Parameterized tests include support for the following types of sources:

  • ValueSource: Specifies a hardcoded list of integers or Strings.
  • MethodSource: Invokes a static method that generates a stream or collection of items.
  • EnumSource: Specifies an enum, whose values will be passed to the test method. It allows you to iterate over all enum values or include or exclude specific enum values.
  • CsvSource: Specifies a comma-separated list of values.
  • CsvFileSource: Specifies a path to a comma-separated value file with test data.
  • ArgumentSource: Allows you to specify an argument provider that generates a stream of arguments to be passed to your test method.
  • NullSource: Passes null to your test method if you are working with Strings, collections, or arrays. You can include this annotation with other annotations, such as the ValueSource, to write code that tests a collection of values and null.
  • EmptySource: Includes an empty value if you are working with Strings, collections, or arrays.
  • NullAndEmptySource: Includes both null and an empty value if you are working with Strings, collections, or arrays.

Using JUnit 5 with an assertions library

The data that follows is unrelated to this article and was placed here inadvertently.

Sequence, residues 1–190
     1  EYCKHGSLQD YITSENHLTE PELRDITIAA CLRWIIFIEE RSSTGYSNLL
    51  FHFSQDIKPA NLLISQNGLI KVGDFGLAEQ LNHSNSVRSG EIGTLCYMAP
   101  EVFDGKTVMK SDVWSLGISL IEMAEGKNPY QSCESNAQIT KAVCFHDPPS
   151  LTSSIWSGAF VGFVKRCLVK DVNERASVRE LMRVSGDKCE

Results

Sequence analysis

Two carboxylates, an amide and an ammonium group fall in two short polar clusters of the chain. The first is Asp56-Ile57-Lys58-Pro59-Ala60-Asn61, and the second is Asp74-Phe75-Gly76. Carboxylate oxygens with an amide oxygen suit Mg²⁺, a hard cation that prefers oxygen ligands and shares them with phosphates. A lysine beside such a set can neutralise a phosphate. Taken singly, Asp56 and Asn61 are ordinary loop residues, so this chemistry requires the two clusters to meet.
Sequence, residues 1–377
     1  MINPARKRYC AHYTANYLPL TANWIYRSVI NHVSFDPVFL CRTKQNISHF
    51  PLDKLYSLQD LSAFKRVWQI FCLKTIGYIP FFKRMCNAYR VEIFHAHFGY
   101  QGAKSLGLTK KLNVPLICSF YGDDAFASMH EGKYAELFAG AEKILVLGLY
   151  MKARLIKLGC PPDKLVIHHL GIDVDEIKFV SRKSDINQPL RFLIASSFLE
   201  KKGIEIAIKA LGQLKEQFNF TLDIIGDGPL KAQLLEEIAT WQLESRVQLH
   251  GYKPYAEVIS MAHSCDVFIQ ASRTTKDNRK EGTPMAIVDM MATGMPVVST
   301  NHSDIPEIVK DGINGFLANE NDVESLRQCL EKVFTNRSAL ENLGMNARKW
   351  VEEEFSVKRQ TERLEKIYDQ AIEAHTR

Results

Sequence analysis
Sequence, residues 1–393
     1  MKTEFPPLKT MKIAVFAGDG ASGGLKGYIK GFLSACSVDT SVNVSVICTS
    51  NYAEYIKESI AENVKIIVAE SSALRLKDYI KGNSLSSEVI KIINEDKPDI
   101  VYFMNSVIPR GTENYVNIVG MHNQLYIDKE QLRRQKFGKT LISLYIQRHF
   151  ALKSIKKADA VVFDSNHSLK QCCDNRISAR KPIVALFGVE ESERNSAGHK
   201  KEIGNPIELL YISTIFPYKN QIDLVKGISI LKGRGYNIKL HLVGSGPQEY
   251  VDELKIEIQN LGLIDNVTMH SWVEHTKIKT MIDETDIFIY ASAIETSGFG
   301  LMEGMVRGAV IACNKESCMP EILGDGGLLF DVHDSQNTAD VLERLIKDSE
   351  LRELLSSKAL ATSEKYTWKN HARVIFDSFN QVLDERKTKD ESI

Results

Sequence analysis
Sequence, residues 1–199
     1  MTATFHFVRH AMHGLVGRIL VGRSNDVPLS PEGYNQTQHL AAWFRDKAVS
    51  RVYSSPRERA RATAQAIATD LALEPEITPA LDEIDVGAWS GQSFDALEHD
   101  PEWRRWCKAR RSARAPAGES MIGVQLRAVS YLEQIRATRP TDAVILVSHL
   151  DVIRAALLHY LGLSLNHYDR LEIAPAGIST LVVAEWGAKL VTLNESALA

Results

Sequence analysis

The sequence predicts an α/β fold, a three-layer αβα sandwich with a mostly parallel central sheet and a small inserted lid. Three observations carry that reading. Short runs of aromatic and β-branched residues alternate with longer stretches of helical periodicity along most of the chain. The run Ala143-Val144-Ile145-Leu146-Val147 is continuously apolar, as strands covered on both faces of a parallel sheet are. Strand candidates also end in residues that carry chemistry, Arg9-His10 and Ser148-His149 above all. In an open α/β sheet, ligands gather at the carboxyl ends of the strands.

For most circumstances, the default assertions methods will meet your needs, but if you would like to use another, more robust, assertions library, such as AssertJ, Hamcrest, or Truth, JUnit 5 provides support for doing so. In this section, I'll quickly show you how to integrate Hamcrest with Junit 5.

Using Hamcrest with JUnit 5

Hamcrest is based on the concept of a matcher, which can be a very natural way of asserting whether or not the result of a test is in a desired state. If you have not used Hamcrest, the examples below will better describe what it does and how it works.

The first thing we need to do is add the following additional dependency to our POM file:


<dependency>
    <groupId>org.hamcrest</groupId>
    <artifactId>hamcrest-library</artifactId>
    <version>2.2</version>
    <scope>test</scope>
</dependency>

Next, when we want to use Hamcrest in our test classes, we need to leverage the org.hamcrest.MatcherAssert.assertThat method, which works in combination with one or more of its matchers. For example, a test for String equality might look like this:

assertThat(name, is("Steve"));

Or if you prefer:

assertThat(name, equalsTo("Steve"));

Both of these matchers do the same thing—the is() method is just syntactic sugar for equalTo().

Hamcrest defines the following common matchers:

  • Objects: equalTo, hasToString, instanceOf, isCompatibleType, notNullValue, nullValue, sameInstance
  • Text: equalToIgnoringCase, equalToIgnoringWhiteSpace, containsString, endsWith, startsWith